It has already been well established that the US Ambassador to Libya, Chris Stevens, had repeatedly sought additional security for the Benghazi Consulate before the attack on September 11 that killed him and three others. The requests were never met, but they didn’t stop either.
New revelations today show two draft letters by Stevens’ staff dated September 11, the day of the attack, were addressed to the Libyan Foreign Minister and the Benghazi Chief of Police, expressing serious concerns about the security at the consulate, or lack thereof.
One of the letter detailed an incident that morning of a Benghazi police officer taking photographs of the inside of the consulate from a building across the street. Libyan officials denied receiving the letter, and one even insisted that they had no idea the ambassador was even in Benghazi.
Administration officials have defended the security plans for the consulate, noting that they seemed to work fine on days when the consulate didn’t get sacked and the ambassador wasn’t assassinated. The planning for security “just in case” appears to have been incomplete, at best.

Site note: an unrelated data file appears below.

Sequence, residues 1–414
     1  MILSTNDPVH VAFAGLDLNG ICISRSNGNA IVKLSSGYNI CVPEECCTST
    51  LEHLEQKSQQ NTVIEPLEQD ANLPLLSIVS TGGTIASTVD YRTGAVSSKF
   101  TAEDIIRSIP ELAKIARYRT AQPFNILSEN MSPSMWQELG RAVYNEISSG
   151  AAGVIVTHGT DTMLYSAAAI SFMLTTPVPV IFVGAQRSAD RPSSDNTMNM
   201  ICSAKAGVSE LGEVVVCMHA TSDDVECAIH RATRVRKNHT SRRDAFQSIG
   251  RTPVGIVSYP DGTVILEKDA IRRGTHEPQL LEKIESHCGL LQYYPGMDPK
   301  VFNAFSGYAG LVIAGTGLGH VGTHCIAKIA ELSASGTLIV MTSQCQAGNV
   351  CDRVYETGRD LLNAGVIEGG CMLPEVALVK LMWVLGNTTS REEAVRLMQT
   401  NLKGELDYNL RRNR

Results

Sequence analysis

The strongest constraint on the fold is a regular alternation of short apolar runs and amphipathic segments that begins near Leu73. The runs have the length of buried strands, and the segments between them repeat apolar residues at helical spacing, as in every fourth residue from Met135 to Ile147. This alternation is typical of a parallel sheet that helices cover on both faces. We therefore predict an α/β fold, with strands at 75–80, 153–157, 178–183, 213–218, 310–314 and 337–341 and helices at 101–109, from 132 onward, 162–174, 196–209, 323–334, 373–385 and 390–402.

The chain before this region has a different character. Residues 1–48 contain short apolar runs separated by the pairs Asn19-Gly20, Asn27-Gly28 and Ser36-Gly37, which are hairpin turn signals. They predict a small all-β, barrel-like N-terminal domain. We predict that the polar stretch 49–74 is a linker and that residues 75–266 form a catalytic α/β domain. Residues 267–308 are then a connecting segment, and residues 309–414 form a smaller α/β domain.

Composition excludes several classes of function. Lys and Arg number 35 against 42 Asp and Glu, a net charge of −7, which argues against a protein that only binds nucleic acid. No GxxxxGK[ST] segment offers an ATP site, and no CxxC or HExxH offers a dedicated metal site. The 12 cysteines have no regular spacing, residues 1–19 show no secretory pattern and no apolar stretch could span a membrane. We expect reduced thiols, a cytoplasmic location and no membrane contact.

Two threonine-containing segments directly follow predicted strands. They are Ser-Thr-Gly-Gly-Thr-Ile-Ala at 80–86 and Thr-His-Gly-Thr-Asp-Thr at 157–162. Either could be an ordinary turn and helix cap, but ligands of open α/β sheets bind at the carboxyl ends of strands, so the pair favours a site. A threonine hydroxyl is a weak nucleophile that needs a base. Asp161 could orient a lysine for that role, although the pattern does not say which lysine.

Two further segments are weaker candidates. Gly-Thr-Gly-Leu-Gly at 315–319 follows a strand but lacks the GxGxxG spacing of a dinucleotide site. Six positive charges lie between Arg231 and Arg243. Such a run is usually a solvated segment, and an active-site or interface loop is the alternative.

With the military not defending the consulate and Benghazi having virtually no security forces of its own, the CIA was basically in charge of dealing with any attacks on the consulate with its agents on the ground. When they proved ill-equipped to deal with the massive attack, the fall-back plan was to ask some militias to help. That, needless to say, didn’t work either.
The Pentagon has released a timeline detailing their own response, saying that they were fully prepared for the possibility of deploying troops to Benghazi if the attack turned into a multi-day hostage situation or some sort of siege. Since the consulate was more or less immediately sacked and abandoned, they didn’t really have a chance to react until everything was over.
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